Glover Teixeira (20-2 MMA, 3-0 UFC) vs. James Te Huna (16-5 MMA, 5-1 UFC): Anybody seen a light-heavyweight contender? With most of them trampled underfoot by champ Jon Jones, and Alexander Gustafsson queued up for the next try, this bout could earmark the guy one step behind Lyoto Machida in the ladder of hopefuls. The heavily hyped Teixeira didn’t wow in his previous fight against ex-champ Quinton Jackson, but he did earn his second straight octagon win after a five-year win streak in regional competition. That puts him on the radar for a future title shot, but Te Huna, who’s won his past four and replaced an injured Ryan Bader, is poised to steal that thunder. Both of them bring heavy hands to the matchup, but Teixeira might choose the path of less resistance and take the fight to the ground. Still, it’s a fight that could end suddenly and explosively, or drag out to the scorecards. A middle ground seems unlikely.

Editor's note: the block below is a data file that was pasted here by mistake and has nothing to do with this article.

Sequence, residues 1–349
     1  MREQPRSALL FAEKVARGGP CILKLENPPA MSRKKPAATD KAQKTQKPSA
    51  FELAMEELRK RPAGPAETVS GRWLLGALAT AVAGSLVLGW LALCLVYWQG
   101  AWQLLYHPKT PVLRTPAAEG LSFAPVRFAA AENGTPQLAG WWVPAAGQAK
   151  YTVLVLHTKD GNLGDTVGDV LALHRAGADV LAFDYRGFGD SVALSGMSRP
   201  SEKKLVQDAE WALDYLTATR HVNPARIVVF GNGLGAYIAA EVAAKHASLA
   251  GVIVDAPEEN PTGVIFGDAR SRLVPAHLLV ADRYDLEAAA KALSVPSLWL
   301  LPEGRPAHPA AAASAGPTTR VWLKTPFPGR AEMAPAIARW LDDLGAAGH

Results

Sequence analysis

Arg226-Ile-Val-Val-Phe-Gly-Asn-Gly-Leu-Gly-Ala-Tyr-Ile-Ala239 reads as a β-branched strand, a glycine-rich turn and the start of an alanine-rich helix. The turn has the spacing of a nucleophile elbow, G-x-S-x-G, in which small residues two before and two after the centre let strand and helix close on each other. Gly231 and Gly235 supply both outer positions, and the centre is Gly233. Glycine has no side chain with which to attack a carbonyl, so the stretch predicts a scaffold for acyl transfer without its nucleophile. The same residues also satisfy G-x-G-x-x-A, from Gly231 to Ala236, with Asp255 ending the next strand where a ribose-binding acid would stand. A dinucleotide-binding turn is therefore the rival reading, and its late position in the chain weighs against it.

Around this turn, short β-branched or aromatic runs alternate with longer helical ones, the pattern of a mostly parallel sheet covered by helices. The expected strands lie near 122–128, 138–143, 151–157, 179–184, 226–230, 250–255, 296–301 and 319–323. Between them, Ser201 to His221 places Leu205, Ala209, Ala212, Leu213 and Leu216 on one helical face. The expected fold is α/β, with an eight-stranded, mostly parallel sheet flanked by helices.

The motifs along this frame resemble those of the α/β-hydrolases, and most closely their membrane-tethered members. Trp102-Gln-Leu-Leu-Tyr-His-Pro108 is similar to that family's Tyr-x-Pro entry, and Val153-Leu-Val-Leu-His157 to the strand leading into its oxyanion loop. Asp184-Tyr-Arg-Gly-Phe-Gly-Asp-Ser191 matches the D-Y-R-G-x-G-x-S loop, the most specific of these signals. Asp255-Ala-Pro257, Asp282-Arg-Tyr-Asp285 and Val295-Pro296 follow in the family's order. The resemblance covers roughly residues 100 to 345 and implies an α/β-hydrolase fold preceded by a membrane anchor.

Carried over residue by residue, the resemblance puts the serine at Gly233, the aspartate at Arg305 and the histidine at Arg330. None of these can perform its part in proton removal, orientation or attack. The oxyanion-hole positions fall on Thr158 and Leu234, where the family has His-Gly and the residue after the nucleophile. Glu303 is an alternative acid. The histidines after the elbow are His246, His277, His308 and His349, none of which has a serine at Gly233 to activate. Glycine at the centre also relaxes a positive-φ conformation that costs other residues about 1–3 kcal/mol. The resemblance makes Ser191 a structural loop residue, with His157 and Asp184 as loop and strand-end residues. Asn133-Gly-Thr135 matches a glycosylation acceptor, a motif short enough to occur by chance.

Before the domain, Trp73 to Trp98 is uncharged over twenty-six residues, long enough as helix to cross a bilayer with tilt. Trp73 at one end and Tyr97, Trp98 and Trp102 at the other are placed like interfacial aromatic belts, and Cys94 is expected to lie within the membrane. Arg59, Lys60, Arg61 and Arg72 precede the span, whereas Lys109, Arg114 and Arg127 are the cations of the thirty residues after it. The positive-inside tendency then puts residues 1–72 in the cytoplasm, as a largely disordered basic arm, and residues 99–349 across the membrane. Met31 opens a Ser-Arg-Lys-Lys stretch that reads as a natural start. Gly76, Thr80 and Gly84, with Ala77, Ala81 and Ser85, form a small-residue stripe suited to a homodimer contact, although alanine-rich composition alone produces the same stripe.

Gray Maynard (11-1-1 MMA, 9-1-1 UFC) vs. T.J. Grant (20-5 MMA, 7-3 UFC): Despite star power higher on the event’s main card, this lightweight matchup is one of the most significant fights of the evening given its implications in the division. The winner of the bout is set to fight champ Benson Henderson, which could net Maynard his third shot at the title after two failed bids against Frankie Edgar. Grant, meanwhile, could come out as the underdog story of the year. Once an inconsistent welterweight, he’s won four straight at 155 pounds, including a pair of impressive wins over Evan Dunham and Matt Wiman. In Maynard, he gets the biggest challenge of his career. Stylistically, “The Bully” brings a boxing-heavy striking attack to a first-class wrestling game while Grant relies on muay Thai and jiu-jitsu. Maynard, of course, has more experience with top-tier opposition. But he’s also fought more sporadically in the past two years as he’s moved from Xtreme Couture to American Kickboxing Academy. Grant, meanwhile, carries the type of momentum that can’t be discounted in one of the deepest divisions in the sport. Although he’s the decided underdog, an upset isn’t out of the realm of possibility.